John, the owner, also sells some nice, though expensive, dog and cat foods.  The best part of the deal is that "free" delivery is included in the price.  That price, at least for chicken feed, was the same as I was paying at the previous supplier (The Feed Store in Summit, IL).

I think his business is well worth supporting.


More on the nutritional and dietary fats found in chicken feed.


Jim said...

I was wondering how much you sell your eggs for? $24 for feeds sounds like it would be tough to make money. I am paying about $20 per hundred pounds and at that I dont really think I am making money? I have 15 hens. Thanks Jim

Bruce said...

Hi Jim,

I sell them for $3.50/dozen, all to friends and neighbors, who understand they're getting a deal. With feed costs about $0.21/egg*, I'm left with about $1/dozen in "profit". That doesn't take into account all the other expenses or my time, so you're right, it's not much of a business.

On the other hand, I'm lucky enough not to have to do it for the money. Also I'm learning, among other things, that I will never get paid what I think the eggs are worth.

*Rough numbers I used to calculate feed costs/egg:

.25 lb of feed per chicken per day
Cost of organic feed = $0.50/lb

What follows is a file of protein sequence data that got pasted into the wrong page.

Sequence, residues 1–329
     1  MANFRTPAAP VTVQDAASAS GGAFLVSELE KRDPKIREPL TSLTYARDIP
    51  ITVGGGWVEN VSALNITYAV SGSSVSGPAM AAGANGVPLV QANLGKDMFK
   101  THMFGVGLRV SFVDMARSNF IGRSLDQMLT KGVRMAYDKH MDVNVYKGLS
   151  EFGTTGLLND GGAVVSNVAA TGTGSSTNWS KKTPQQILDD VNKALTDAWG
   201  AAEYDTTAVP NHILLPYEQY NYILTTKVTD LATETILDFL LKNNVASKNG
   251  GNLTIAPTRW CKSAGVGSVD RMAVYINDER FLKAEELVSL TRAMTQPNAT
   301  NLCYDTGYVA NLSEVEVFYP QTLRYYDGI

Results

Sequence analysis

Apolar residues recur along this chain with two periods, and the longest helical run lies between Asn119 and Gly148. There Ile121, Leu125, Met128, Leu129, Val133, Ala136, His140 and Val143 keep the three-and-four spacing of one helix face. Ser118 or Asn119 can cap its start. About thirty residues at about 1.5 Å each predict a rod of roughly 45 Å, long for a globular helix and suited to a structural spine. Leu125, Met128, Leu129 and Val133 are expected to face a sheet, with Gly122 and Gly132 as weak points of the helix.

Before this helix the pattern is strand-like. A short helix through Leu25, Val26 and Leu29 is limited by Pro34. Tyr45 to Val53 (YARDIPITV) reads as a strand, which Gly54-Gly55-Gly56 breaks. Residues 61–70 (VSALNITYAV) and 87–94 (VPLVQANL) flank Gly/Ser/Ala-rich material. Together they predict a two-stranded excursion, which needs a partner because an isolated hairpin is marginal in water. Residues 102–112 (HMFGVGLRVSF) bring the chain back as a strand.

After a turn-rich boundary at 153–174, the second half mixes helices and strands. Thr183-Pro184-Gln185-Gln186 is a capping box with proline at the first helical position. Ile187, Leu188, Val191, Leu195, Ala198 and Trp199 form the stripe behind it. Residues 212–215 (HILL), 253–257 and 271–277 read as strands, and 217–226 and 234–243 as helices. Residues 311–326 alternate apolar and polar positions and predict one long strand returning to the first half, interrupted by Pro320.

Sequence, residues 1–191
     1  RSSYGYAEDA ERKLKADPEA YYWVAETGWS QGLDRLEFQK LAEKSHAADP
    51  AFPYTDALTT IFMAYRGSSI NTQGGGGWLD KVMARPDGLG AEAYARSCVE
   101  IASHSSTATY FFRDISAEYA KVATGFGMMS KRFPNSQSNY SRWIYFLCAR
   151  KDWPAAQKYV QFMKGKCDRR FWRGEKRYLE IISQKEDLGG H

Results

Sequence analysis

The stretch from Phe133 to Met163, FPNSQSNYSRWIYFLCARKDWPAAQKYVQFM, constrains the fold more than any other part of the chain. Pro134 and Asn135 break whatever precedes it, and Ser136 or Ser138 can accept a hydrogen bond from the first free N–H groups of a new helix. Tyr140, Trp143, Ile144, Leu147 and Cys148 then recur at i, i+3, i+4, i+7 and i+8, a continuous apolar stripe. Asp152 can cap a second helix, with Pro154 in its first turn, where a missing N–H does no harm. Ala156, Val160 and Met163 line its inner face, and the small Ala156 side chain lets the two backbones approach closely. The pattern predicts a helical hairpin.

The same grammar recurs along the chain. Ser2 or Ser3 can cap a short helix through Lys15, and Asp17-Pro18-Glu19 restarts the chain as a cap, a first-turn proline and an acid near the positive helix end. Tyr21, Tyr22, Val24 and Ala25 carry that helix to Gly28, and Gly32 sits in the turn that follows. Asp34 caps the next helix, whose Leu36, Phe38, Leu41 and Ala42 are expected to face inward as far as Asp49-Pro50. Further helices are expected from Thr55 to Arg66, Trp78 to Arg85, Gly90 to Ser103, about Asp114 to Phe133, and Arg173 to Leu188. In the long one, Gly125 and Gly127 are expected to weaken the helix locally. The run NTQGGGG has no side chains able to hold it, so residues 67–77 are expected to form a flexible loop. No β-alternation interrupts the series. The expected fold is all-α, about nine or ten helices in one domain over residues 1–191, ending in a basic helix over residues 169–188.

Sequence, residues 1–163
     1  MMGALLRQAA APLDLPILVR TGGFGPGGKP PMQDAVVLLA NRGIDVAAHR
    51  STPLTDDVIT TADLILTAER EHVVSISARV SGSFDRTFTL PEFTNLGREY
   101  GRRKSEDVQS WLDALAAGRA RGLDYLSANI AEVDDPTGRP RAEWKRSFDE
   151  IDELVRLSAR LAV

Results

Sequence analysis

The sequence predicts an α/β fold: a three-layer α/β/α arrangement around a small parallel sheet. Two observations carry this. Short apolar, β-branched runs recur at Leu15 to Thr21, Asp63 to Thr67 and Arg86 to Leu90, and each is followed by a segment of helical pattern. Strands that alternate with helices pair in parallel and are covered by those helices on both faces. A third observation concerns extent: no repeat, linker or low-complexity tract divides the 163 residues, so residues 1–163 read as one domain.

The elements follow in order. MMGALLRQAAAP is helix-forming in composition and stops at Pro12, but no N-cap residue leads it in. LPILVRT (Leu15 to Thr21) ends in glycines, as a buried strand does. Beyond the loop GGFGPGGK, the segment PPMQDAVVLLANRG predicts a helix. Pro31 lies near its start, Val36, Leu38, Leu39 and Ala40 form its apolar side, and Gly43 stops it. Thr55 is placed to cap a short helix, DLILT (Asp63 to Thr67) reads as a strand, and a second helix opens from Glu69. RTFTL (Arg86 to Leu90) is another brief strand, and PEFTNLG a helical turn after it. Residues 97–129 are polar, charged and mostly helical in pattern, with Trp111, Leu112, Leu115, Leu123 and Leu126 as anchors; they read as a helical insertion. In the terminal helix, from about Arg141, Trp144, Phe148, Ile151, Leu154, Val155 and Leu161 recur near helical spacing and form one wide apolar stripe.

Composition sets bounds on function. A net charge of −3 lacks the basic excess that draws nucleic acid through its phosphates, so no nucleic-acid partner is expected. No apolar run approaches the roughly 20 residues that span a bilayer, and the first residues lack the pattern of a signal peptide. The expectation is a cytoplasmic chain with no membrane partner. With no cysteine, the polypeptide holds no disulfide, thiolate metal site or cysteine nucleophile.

Each chicken estimated to lay 220 eggs per year.

They'll probably lay that many for another year or so. Then I'll have to decide if they'll become stewing chickens and start over with a new batch of chicks.

H2 said...

Just wondering: could you bring in a rooster to fertilize the eggs at the end of the hens' laying life to produce your next batch of chicks?

Bruce said...


I suppose it's possible. Not sure how to go about doing it though.

I hope they keep laying for a good long while so I don't have to find out how I can get a hold of a rooster.

elfriide tramm said...

soy is definitely not good or considered as a food at all. in addition to that, soy is one of the main GMO crops and it means treated with roundup and other chemicals. this means that traces of these toxins are in the soy.

but also a fish is not a proper food for hens - naturally they don't eat it. but as opposite, flaxseeds are very good and also a natural food for hens. if you feed them with a natural pure food (for expample cabbage leaves (raw or steamed), weeds and oatmeal (boiled)) and they are free range chikens, they just naturally produce omega 3 fatty acids to their eggs. factories are feeding their hens with fishmeal and other crap, because in these sick conditions chickens are not available to produce omega3's naturally.

Bruce said...

Good point elfrïïde.

The non-soy feed I'm using now does have flaxmeal, but it also has the problematic fish and crab meal.

I'm not sure of the percentages of the latter two, but going from the ingredient list, there is more flax than fish/crab in the feed.

Here's what the feed label says, with higher on the list corresponding to a higher percentage of the whole mix:


For now this is the best I can do, but hopefully I can get away from the "unnatural" products.

cpoole said...

dont forget fresh fruits and vegetables. try going to neighborhood grocers and asking for their 'scrap out.' it will probably not be organic but grocers throw out tons of perfectly good lettuce, kale, cabbage, other greens, tomatoes, squash, zucchini, cucumbers, all of which your chickens will love.